Fill up in just five minutes…
Generally speaking, filling up shouldn’t take long with the flow on full. Getting the boat ready is a whole other issue. A vessel with an 80-gallon tank can fill up in five minutes. “But that’s last thing to worry about,” notes Jorge. “When the boat gets in, you have to be ready to moor and tie up at the bow and the stern, try and open the tank (sometimes it’s closed extremely tight and it’s hard to get it open),” he explains.
When the weather gets rough
It’s imperative that a dock attendant halt fill up and give due warning to customers in the event of an electrical storm or other harsh weather conditions, which is something they understand perfectly and are already expecting when the time comes. You can still fill up in a light shower, for example.
People from around the world
People from Spain and around the world pass through the Port of Sóller—both tourists and professionals who work at sea. As such, it’s a place where people from all over the world meet, bringing their ships with names that are diverse, historical, odd, or humorous, as well as having unique personalities, like “the one that was completely gold in color,” the dock attendant recalls. This can serve as motivation to prepare oneself to learn new languages. Jorge can now get by in English, French, German, and now he’s thinking of even learning Russian.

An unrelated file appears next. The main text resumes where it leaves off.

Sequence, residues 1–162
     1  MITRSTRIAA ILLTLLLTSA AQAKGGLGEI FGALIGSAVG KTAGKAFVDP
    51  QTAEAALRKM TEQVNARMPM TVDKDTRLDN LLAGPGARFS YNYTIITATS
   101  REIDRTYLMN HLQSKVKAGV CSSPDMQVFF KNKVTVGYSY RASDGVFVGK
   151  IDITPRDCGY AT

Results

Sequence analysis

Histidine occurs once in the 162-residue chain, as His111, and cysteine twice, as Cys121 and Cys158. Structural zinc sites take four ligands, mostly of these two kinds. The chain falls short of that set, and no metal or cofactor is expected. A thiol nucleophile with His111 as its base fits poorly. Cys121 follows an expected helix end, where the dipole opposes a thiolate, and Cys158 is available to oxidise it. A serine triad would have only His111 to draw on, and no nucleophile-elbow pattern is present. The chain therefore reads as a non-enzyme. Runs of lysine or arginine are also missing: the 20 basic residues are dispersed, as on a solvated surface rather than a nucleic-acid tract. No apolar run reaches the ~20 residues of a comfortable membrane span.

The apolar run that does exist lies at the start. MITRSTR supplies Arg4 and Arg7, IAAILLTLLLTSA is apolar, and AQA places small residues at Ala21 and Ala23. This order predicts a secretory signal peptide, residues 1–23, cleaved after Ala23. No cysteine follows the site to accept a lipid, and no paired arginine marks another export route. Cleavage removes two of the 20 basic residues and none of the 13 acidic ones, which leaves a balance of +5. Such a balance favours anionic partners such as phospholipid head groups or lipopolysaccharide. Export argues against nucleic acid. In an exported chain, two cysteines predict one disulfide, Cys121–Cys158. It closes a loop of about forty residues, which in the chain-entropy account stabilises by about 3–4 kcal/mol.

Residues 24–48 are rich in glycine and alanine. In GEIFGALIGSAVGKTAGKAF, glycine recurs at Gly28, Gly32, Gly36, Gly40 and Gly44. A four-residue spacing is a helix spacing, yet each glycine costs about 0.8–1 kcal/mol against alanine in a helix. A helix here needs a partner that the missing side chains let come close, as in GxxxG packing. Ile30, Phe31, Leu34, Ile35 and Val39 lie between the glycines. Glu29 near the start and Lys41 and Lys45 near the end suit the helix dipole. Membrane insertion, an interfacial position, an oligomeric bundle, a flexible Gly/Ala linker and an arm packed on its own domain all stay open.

Some local trivia
Communication is a habit at this station. People don’t just fill up here, they also take the time to enjoy some small talk, ask about places to stay, where to eat, things to do in the area, where to buy ice… In other words, sometimes it seems to operate like an impromptu tourist information office.
Each fill-up brings a story
It’s also a place to hear stories like that of the two sea-loving retirees, about 65 or 70 years old, who are traveling the Mediterranean and put into port at Sóller to fill up their little 32 to 40-foot sailboat. They’re having such a wonderful experience that they want more—once they finish with the Mediterranean, they’re already thinking about embarking of their next adventure to get to know the world this way. “And when you ask them how long they’re thinking of spending on it,” Jorge tells us they answer with “however much time it takes, be it one year, four, or ten. Who knows?”
As they offer three different products, they can fill up three vessels at the same time, although two is the normal number because there are two dock workers in the summer, and although it’s the customer who’s doing the actual fill-up, the attendants must always be there supervising. “If it’s a professional vessel, for example, I give them diesel B. If it’s a sailboat I give them diesel A, and if it’s something even smaller, gasoline.”
As you can see, more goes on at marina stations than just filling up tanks—it’s also a point where lives, languages, experiences, and stories all meet each other.